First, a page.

Next year, a small segment of a single New York subway line is shutting down for 15 months — and it’s a very big problem. As the transit authority repairs a tunnel badly damaged during Hurricane Sandy in 2012, the L line will no longer cross the East River. Though the closure may sound insignificant, for many New Yorkers, the shutdown feels like an existential crisis. The L shuttles 400,000 riders between Manhattan and Brooklyn daily. Dwell on that number for a second: For a year and a half, a population the size of the entire city of New Orleans will have to find an alternative means of getting around New York every day.
To cope, the city’s departments have created an elaborate plan that involves six replacement bus routes, largely shutting down a crosstown thoroughfare to private vehicles, and closing the Williamsburg Bridge to any cars with fewer than three passengers. Meanwhile, entrepreneurs have spent years proposing both public and private transit alternatives to compensate for the shutdown. These include e-ferries, e-scooters, e-mopeds, gondolas, pontoon bridges, and an “ultra-luxe” shuttle called “The New L.” Only some of these will actually happen. (Sorry, Gondola and pontoon bridge aficionados.) Uber, Lyft, and other e-hails are poised to take financial advantage of the shutdown just as they have done with the subway struggles writ large. Meanwhile, the city’s bike-share system is expanding to cope with an expected surge in cyclists, and the city’s Department of Transportation is installing miles of bike lanes to accommodate them.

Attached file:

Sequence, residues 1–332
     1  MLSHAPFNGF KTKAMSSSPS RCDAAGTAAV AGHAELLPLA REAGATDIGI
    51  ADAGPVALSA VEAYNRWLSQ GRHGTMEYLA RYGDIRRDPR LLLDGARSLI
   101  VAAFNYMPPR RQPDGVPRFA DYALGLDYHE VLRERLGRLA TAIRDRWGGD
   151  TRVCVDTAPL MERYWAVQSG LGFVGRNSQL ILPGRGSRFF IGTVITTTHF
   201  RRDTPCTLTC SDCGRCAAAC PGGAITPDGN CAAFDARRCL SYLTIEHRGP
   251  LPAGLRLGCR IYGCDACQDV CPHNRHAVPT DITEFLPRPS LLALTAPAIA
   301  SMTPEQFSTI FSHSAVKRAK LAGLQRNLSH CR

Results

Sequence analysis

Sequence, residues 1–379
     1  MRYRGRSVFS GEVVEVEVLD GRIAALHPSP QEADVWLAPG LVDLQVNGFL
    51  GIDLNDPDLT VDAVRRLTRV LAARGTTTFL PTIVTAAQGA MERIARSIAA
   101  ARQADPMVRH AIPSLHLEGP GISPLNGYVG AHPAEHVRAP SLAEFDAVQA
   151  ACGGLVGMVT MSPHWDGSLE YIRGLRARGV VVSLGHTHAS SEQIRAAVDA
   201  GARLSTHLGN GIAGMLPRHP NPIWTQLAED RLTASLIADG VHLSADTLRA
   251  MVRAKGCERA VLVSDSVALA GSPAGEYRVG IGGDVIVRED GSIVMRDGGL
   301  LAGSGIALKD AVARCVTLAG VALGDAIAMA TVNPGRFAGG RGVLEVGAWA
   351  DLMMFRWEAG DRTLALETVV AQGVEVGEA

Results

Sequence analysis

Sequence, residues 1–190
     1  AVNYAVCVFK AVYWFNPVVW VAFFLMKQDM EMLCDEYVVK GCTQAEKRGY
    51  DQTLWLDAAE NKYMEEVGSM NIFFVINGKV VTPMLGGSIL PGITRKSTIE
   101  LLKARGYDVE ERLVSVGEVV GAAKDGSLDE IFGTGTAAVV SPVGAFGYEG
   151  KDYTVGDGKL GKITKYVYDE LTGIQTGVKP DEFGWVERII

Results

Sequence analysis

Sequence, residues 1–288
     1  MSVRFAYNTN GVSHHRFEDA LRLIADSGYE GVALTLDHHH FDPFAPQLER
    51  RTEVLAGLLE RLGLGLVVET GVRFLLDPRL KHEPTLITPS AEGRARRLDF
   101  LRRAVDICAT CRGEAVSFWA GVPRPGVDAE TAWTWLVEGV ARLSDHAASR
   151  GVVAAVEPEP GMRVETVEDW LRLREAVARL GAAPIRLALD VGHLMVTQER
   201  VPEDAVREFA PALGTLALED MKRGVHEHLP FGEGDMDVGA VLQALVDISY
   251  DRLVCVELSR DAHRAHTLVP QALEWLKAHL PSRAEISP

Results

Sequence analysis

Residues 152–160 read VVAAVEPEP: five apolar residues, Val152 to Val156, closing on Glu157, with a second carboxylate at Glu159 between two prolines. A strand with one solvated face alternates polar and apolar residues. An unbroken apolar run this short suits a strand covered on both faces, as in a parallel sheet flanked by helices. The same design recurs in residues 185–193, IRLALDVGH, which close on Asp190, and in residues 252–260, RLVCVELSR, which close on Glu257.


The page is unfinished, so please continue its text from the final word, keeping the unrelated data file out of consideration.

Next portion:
New Yorkers will soon see what a disaster really looks like.
But none of these efforts will be enough to replace the L. On a typical rush-hour morning, the L transports as many people under the East River as all the six East River bridges and tunnels combined. New Yorkers who scoff at the suggestion that the subway is anything other than a disaster will soon see what a disaster really looks like.
But in a perverse sense, the fact that the L shutdown poses such an immense challenge is a testament to the subway’s…